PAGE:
Self-Publication: The Good, the Bad, and the Truly Ugly

I thought it was time to revisit self-pubbing, considering I’ve done it with two of my books and AJ’s done it with one. The pictures I promised will show up on Wednesday.

Let’s start with the GOOD:

AJ’s book, Power Exchange, is still doing very well weeks after publication. He published at Smashwords, Amazon, ARe, and Barnes & Noble. He announced it on his blog. He tweeted about it. He contacted reviewers and eight or ten posted reviews. He’s made more money with PE than I have with all my releases combined (that’s the ugly part, which is coming later).

Recently, he learned PE has been on a top 100 Amazon list for weeks, and the book has been nominated for at least three Goodreads “best of” awards. AJ and his book deserve every accolade that’s been thrown at him. He wrote a wonderful, entertaining, and informative book. 

In pursuit of sales, he did what many authors would consider bare minimum to get the news of his book out there. He didn’t guest blog, he participated in no blog hops, yet he’s  made thousands of dollars in sales so far.

Now we come to the ugly part (and it’s no reflection on AJ; I’m merely drawing a comparison). Three of Swords sold few copies. I think it was around 35 or 40. Knight of Wands has performed even more poorly. I think this is strange, because a couple months previous, when The Blue Paradise and Phoenix Rising were published through Dreamspinner Press, they sold really well. I made quite a lot of money in that quarter, and that was before third party sales were in.

I did pretty much the same minimal promo AJ did, but in addition, I also dropped positive review quotes on twitter once in a while and did a couple of guest interviews. We both got positive reviews at Amazon and on pro review sites.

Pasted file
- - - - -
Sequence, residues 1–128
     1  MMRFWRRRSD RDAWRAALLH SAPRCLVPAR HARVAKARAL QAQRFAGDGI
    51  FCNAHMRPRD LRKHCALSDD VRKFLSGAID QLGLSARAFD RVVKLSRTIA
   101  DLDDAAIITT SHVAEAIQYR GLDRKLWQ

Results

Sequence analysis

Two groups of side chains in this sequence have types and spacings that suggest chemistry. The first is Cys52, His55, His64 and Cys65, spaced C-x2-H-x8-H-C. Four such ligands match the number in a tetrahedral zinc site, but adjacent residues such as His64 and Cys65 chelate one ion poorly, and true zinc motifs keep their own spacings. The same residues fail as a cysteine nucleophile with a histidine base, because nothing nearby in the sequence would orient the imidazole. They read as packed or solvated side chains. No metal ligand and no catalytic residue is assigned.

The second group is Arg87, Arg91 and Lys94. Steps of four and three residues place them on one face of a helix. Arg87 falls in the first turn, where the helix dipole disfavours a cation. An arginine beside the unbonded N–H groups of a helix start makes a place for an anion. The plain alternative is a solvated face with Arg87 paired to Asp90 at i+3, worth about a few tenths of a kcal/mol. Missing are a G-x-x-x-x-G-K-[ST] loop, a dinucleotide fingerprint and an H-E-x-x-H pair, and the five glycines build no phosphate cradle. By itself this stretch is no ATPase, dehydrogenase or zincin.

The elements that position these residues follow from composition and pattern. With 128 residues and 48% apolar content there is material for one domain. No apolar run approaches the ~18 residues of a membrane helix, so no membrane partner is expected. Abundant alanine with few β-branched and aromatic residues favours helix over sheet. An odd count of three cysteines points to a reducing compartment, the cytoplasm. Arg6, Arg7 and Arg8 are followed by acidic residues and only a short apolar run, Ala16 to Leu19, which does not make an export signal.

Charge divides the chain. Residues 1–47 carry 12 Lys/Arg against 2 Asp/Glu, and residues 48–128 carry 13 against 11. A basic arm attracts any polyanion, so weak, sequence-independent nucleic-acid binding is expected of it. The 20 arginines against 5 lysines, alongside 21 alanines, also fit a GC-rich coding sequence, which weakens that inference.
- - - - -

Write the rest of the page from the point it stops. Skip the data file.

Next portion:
So what’s different? Why did his book sell and mine didn’t?

1. Cover. PE has an amazing cover, certified to draw the eye and intrigue the reader. Mine are okay but nothing like that. Who doesn’t want to open a book that has a sexy naked man tied up in red rope on the front?

2. PE is a full-length book, whereas mine are novellas. I don’t see the problem with this, as I priced mine cheaper because of that.

3. PE is rated 5 for heat, mine are around 3.5. PE has a lot of hot sex going on, and it’s BDSM, which is a highly rated genre at the moment (thanks to that book I will not name lest AJ throw up on my laptop). Mine have sex, and I think it’s hot, but it’s relatively vanilla.

And finally, they’re different books. AJ’s is a sexy murder mystery and mine are somewhat gentler tales revolving around a couple of gifted guys on a houseboat. Neither is better or worse than the other, but they appeal to different readers.

So what can we conclude from this?

I’m not sure, but after some distraught mulling time and a short-lived dose of bitterness, I have concluded I must continue to write my stories, whether they sell or not. I don’t depend on royalties to pay the bills (good thing, huh?) but some income from my labor would be nice.

After editing umpteen badly-written sex scenes, and writing plenty of good ones in the past, I’m kind of bored by them. Don’t get me wrong: I think sex is important. It’s part of a healthy relationship. But it’s never the focus of my stories. Maybe that will change in the future, but for now… nope. The story and characters are more important to me. If the sex belongs, it goes in. If it doesn’t fit, if it doesn’t further the story or reveal information about the characters, I skip it.

I’ve often said I hate covers with headless naked torsos on them. Can’t stand them. They look cheap and tawdry to me. I can’t think of any mainstream bestseller that sports that kind of cover. You only see them in our genre. I suppose it’s possible readers have been conditioned, and when they see them they feel an impulse to buy, but I really don’t want to go there.

Some of you are asking, “Why don’t you go back to Dreamspinner or another publisher?”